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We Fought the Navy and WonGuam's Quest for Democracy$
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Doloris Coulter Cogan

Print publication date: 2008

Print ISBN-13: 9780824830892

Published to Hawaii Scholarship Online: November 2016

DOI: 10.21313/hawaii/9780824830892.001.0001

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The Navy versus the Guamanians

The Navy versus the Guamanians

Chapter:
(p.97) Chapter 8 The Navy versus the Guamanians
Source:
We Fought the Navy and Won
Author(s):

Doloris Coulter Cogan

Publisher:
University of Hawai'i Press
DOI:10.21313/hawaii/9780824830892.003.0008

This chapter details the Navy's attempts to maintain control over the government of the Pacific islands and the response of Guamanians. For instance, in the fall of 1946, the Navy transported news reporters throughout the islands, expecting them to report favorably on naval administration. In September 1947 it tried to persuade the Guam Congress to tack onto a resolution requesting United States citizenship and an organic act a provision that would continue naval government until rehabilitation of the island was complete. For their part, Guam's leaders realized that they would have to more vocal, more activist than ever before in order to achieve self-government. This was asking a lot of people unaccustomed to confrontation and the democratic process, people who lived thousands of miles away from the center of their government. But the Guamanians were learning. And they had already demonstrated their willingness to fight for the ideals they believed in.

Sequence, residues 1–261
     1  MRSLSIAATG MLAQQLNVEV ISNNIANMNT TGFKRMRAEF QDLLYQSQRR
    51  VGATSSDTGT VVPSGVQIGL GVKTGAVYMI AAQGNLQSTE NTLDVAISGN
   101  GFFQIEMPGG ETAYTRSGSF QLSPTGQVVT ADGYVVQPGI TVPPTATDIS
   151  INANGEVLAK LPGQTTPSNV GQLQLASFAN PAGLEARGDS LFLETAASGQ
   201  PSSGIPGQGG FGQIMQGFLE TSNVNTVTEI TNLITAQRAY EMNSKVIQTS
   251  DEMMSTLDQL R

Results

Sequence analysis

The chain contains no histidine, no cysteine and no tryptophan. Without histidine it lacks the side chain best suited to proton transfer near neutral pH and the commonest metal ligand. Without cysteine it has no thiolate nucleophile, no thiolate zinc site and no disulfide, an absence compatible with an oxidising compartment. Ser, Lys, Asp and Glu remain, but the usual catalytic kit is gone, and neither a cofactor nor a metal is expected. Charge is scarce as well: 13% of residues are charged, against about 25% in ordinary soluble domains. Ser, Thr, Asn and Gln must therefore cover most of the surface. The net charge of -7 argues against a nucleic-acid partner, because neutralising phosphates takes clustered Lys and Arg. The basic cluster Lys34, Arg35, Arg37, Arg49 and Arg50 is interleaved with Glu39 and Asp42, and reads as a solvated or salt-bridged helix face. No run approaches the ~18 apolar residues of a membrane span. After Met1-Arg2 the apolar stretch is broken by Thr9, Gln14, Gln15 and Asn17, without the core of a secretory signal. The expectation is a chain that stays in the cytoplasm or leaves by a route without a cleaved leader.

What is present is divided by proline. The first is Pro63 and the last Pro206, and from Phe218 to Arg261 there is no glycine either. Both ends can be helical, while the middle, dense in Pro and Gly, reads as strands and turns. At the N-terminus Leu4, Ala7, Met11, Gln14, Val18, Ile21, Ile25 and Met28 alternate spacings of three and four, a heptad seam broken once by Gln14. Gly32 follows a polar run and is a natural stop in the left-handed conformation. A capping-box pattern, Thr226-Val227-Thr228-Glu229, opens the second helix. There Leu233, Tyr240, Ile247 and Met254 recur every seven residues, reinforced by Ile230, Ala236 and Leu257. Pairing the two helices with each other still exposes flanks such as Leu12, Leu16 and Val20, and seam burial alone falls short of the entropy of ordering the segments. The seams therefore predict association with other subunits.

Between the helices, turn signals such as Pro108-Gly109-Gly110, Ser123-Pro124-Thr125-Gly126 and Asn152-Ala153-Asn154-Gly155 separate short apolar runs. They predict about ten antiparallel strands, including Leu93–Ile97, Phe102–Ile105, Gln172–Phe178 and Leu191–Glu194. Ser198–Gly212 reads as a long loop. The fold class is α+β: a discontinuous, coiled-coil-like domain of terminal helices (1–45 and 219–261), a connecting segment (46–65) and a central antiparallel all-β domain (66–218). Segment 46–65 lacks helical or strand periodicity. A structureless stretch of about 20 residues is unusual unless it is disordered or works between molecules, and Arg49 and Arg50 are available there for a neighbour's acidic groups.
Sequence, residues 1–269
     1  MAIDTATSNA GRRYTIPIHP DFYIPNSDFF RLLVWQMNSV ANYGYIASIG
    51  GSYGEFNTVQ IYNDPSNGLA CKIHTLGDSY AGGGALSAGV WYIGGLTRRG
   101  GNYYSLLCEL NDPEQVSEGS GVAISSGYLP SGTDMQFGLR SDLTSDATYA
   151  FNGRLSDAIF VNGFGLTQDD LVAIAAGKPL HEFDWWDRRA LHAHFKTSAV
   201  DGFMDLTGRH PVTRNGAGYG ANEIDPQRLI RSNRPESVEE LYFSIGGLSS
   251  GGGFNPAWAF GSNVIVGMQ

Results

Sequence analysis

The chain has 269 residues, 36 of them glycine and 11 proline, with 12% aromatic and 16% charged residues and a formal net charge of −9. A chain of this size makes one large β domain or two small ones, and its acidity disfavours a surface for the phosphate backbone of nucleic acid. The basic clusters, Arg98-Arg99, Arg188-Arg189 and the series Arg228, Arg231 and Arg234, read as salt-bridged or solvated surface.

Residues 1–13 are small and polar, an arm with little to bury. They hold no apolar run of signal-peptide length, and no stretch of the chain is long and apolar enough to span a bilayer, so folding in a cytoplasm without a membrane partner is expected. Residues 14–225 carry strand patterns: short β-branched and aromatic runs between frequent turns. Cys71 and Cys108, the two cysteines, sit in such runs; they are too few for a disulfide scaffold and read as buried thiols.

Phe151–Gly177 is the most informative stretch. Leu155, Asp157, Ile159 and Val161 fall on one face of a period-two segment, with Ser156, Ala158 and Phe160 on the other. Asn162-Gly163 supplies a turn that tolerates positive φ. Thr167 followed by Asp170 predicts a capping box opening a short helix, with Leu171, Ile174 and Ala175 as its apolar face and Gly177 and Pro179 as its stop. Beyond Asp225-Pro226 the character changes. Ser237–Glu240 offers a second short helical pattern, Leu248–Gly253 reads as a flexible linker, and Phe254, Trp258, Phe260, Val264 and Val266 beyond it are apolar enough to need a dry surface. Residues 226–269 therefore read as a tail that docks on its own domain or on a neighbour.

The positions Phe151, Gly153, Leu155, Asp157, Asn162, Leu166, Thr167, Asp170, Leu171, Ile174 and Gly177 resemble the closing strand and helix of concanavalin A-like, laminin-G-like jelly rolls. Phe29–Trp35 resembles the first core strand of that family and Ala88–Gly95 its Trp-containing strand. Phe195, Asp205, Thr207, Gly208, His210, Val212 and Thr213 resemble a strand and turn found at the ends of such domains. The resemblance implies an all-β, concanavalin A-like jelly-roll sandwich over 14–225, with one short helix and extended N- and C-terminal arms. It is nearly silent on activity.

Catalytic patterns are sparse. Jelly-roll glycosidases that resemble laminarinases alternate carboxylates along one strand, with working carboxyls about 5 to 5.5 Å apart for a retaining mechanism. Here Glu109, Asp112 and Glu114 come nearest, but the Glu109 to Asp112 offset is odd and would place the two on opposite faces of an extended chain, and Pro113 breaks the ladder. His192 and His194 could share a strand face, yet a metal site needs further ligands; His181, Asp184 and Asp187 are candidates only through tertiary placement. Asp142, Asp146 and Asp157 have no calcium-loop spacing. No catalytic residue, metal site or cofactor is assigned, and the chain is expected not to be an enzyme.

Keywords:   Guam, U.S. Navy, Pacific Islands, self-government, naval government, naval administration

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